At the Conclusion of the suppression hearing, Judge Minuskin in the Law Division found that Detectives Martin and Murray, based upon the anonymous call and the corroborated observation of the suspect vehicle,

had reasonable and probable cause to stop the vehicle as authority to be able to investigate and to determine whether or not a crime was being committed, and upon observing in connection therewith based upon that which was said to them the Court believes that they had the right to order the occupants to exit suspecting that this vehicle based on an anonymous tip contained contraband.

The trial court also upheld the seizure of the plastic glassine envelope, the arrest of defendant and his co-defendants, and the seizure of the brown bag containing thirty-seven plastic bags of suspected cocaine hidden in the air-conditioning unit and denied the motion to suppress.

II.

The facts adduced at the suppression hearing were corroborated at trial. Detective Murray testified that after receiving the dispatch message he observed a Brown Chevy Celebrity with New York plates and three passengers leaving the parking lot of Vinnie's Tavern. The vehicle was registered to Elid Montola of New York City. Efforts to locate Elid Montola were unsuccessful. Defendant was determined to be a resident of New York City, Hernandez, a resident of Palisades Park, and Rodriguez, a resident of Englewood.

The substance recovered from the vehicle was determined to be cocaine, totaling 0.75 ounces (approx. 21 grams) and worth up to $1,800. Robert Dodd (Dodd), an Investigator with the Bergen County Narcotic Task Force, testified that the cocaine recovered was possessed with an intent to distribute. Dodd's opinion was based on the amount of cocaine found, the way it was packaged, the New York City registered vehicle, the number of people in the vehicle and their origins, the lack of drug paraphernalia, and the amount of money and its denominations.

Detective Murray testified on recross-examination that he had arrested one of the defendants subsequent to the April 16, 1991 incident. Defense counsel immediately moved for a mistrial. Having determined that Detective Murray was referring to Hernandez, the trial court granted the motion as to Hernandez, but denied the motion as to defendant and Rodriguez. The trial court instructed the jury that Detective Murray had not arrested either of the other defendants before or after April 16, 1991. He further instructed the jury that Hernandez's trial had been severed from the present trial and that Detective Murray's response should in no way prejudice the two remaining defendants.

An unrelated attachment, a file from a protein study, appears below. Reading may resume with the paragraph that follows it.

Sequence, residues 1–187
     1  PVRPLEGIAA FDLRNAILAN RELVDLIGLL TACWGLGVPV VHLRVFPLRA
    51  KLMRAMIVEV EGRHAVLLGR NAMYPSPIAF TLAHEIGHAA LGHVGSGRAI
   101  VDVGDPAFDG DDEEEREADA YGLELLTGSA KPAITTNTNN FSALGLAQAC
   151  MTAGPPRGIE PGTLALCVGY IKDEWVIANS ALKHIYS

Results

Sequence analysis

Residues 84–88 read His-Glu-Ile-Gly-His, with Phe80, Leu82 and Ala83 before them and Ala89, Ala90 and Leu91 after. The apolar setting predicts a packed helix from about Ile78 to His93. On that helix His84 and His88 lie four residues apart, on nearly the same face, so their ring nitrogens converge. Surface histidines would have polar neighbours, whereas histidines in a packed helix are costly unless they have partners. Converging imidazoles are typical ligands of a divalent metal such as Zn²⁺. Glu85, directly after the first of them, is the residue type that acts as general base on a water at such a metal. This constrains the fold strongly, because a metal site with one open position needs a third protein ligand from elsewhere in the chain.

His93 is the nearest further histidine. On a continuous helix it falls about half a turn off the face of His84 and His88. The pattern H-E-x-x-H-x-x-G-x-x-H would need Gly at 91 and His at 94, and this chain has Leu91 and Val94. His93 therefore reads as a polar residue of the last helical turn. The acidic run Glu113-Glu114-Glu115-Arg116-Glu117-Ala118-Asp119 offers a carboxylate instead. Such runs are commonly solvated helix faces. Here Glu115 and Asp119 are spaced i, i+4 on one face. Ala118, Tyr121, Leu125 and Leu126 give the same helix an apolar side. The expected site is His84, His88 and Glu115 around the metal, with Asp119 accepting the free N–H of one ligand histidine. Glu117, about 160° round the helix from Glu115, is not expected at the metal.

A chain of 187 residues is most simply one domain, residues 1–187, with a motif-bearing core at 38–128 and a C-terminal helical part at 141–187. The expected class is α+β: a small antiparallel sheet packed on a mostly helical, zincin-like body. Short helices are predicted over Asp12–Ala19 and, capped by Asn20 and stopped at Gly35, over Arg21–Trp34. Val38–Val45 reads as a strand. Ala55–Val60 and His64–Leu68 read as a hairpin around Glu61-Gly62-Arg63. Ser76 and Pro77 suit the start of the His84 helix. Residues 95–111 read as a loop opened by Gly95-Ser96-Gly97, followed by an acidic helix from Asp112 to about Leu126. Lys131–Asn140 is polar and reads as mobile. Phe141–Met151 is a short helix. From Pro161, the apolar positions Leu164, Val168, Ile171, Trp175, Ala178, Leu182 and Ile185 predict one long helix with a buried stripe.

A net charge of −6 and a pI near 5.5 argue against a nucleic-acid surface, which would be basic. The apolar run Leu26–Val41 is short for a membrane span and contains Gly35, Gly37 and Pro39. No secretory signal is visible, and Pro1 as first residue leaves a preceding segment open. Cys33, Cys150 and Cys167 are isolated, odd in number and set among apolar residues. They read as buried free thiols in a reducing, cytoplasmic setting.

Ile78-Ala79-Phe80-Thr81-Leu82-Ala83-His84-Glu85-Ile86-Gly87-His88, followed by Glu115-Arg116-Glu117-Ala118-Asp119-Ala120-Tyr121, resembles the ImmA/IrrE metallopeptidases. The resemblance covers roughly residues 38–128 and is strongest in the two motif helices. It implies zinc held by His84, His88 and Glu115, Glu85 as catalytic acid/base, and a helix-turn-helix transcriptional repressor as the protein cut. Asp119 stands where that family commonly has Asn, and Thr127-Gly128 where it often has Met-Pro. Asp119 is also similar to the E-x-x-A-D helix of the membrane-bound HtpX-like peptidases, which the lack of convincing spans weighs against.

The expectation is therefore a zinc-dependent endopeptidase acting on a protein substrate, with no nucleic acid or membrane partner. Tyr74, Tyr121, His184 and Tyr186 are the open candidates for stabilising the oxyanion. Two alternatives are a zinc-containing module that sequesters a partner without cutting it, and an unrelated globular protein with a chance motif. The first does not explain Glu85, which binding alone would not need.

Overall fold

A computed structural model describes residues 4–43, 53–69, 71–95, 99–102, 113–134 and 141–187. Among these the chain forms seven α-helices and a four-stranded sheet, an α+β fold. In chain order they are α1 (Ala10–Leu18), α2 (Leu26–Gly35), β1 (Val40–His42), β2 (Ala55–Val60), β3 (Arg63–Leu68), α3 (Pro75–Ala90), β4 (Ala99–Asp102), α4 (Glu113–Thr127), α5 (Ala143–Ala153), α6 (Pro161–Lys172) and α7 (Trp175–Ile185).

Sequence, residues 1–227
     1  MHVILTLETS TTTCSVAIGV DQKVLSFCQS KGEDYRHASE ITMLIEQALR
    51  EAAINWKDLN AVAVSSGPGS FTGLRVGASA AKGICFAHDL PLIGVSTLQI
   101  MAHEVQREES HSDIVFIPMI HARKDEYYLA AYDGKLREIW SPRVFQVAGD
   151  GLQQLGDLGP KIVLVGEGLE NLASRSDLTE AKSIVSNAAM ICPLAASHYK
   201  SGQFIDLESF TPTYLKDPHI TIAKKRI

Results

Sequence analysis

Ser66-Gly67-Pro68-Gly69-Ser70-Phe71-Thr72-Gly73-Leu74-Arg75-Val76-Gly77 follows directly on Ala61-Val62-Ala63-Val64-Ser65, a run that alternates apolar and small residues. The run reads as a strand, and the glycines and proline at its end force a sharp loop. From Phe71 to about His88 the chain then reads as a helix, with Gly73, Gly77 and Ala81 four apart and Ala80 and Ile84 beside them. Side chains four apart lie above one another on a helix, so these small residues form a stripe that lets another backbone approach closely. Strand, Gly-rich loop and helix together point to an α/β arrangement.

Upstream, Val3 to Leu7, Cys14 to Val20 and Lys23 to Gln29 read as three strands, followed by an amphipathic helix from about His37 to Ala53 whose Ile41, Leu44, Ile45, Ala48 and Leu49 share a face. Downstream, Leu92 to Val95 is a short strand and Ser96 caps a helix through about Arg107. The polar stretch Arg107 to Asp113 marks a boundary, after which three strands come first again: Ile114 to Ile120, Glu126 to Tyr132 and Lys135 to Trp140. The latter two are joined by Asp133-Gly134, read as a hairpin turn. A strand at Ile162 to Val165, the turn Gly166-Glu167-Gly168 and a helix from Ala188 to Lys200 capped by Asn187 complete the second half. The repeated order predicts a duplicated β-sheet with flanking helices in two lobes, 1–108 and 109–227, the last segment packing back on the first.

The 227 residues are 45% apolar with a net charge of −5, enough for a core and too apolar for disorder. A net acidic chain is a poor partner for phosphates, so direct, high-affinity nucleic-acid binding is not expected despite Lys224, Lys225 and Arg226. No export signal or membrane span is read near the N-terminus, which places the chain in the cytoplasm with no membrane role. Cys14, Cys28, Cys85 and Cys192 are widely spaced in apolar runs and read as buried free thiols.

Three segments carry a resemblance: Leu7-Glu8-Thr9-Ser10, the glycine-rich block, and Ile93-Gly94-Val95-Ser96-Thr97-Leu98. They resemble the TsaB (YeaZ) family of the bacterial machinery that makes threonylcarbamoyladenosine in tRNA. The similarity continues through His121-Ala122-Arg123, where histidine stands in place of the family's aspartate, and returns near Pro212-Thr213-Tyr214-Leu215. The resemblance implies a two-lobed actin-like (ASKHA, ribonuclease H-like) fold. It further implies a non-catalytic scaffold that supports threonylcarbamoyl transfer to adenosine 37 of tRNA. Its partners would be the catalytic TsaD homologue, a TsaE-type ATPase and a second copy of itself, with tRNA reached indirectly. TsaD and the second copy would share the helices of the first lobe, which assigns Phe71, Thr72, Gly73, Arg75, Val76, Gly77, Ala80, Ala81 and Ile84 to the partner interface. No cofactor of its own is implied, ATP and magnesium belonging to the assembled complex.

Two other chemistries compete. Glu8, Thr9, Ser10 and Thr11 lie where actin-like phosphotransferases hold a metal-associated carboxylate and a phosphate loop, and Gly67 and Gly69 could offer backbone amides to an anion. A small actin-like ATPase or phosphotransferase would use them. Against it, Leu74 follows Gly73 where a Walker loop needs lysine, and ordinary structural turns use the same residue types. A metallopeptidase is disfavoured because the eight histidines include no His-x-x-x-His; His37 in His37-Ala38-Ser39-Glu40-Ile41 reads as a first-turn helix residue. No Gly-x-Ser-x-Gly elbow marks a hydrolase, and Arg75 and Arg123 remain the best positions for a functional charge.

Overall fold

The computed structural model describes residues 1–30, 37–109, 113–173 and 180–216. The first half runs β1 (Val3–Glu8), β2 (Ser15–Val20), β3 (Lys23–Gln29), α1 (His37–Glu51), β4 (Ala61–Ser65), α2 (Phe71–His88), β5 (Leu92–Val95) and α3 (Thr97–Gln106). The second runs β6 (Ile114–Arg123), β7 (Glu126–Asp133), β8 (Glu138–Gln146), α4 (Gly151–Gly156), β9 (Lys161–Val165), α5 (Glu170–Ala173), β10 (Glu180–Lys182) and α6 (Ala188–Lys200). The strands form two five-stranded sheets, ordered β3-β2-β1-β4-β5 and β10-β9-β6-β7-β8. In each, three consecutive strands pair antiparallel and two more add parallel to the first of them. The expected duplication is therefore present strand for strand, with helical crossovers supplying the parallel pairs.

Defendant testified that he had attempted to go to the Columbia Restaurant, in Englewood, but he took the wrong bus from New York. He was let off in an unfamiliar place and could not locate the restaurant. According to defendant, he saw Hernandez drive by and recognized him because he had seen him in New York a few times. However, defendant had never met nor had he ever spoken to Hernandez before the day of the arrest. Defendant did not recognize the vehicle and did not know who owned it. He asked Hernandez for directions, but instead Hernandez offered to drive him to the Columbia Restaurant. They drove to the restaurant stopping only at a laundromat where Hernandez dropped off some clothing. Defendant was about to exit the vehicle when Rodriguez approached Hernandez and asked him for a ride home. Defendant had never seen Rodriguez before. Hernandez acquiesced and asked defendant to ride along, after which they would return to the Columbia Restaurant to eat together. Shortly after the three had begun to drive Rodriguez home they were stopped by Detectives Martin and Murray.

Defendant also testified that he did not see any drugs in the vehicle, that he did not use any drugs while in the vehicle, and that he did not sell any drugs while in the vehicle. Defendant had seen Hernandez a few times in front of defendant's place of work, a mechanic's shop near Broadway. Defendant testified that he did not know the name of the shop because he was paid in cash. He also could not recall the address of his place of work or the first name of his boss.

Rodriguez testified that he went to the Columbia Restaurant to meet his brother who never showed up. The owner of the restaurant confirmed that Rodriguez was present the day in question. As he was leaving the restaurant, he saw Hernandez, an acquaintance, pull into the restaurant. Hernandez asked where Rodriguez was going and upon being told he was going home, Hernandez offered him a ride. Shortly after getting into the vehicle, the police pulled the vehicle over. Rodriguez testified that he did not own the drugs found in the vehicle, that he did not know who owned the drugs, and that he could not see the drugs from his position in the vehicle. Rodriguez further testified that he had never seen defendant before that day and that he was not at Vinnie's Tavern, which was a block from the Columbia Restaurant, the day of the arrest.